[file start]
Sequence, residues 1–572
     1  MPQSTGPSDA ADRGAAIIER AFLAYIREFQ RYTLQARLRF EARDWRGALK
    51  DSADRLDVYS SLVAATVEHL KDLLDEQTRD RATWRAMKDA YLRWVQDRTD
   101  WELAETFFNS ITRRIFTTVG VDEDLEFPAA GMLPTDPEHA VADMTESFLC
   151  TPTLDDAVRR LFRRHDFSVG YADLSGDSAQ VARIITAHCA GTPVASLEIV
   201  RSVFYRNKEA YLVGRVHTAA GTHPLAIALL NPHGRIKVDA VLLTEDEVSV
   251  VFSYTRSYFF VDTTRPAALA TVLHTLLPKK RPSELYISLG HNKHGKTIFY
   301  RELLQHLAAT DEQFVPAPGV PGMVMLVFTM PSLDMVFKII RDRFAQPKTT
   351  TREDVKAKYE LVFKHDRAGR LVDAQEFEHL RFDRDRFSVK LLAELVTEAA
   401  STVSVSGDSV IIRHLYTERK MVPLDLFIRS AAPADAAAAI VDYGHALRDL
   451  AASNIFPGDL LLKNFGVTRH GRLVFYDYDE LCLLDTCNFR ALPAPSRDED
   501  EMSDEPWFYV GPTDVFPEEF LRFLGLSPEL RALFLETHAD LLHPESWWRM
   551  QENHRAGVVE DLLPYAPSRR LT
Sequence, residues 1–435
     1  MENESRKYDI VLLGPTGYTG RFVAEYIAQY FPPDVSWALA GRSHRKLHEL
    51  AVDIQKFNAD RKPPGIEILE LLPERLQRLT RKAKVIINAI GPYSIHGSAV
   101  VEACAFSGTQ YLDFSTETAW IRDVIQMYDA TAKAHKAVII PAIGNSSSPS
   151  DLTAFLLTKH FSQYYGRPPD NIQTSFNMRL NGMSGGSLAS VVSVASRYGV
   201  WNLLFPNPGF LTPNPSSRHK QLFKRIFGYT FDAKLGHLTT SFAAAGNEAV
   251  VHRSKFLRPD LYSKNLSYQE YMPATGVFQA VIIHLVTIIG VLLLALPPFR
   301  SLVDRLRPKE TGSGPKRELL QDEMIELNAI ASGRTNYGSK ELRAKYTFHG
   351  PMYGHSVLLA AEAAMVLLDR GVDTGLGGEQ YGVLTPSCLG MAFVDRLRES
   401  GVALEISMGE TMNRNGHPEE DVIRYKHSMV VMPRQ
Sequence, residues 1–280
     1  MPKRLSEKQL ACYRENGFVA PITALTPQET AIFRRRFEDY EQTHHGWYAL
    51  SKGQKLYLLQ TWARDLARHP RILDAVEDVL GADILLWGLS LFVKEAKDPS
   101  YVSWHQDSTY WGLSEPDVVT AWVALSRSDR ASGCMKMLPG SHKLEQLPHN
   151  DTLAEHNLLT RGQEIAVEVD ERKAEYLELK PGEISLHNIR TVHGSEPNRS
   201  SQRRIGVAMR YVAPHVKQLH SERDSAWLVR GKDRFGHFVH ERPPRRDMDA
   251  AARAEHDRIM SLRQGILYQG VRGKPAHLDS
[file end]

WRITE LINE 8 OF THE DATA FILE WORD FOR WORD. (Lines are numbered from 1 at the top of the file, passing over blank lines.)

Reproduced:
   301  RELLQHLAAT DEQFVPAPGV PGMVMLVFTM PSLDMVFKII RDRFAQPKTT